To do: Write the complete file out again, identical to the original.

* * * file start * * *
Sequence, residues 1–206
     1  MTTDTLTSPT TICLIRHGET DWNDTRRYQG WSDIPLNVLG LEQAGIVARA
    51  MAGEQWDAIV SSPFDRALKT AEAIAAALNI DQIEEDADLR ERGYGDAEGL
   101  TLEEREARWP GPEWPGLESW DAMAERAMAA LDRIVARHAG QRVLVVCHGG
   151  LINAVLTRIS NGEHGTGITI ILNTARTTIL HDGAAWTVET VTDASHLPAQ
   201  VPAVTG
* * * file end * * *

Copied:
Sequence, residues 1–206
     1  MTTDTLTSPT TICLIRHGET DWNDTRRYQG WSDIPLNVLG LEQAGIVARA
    51  MAGEQWDAIV SSPFDRALKT AEAIAAALNI DQIEEDADLR ERGYGDAEGL
   101  TLEEREARWP GPEWPGLESW DAMAERAMAA LDRIVARHAG QRVLVVCHGG
   151  LINAVLTRIS NGEHGTGITI ILNTARTTIL HDGAAWTVET VTDASHLPAQ
   201  VPAVTG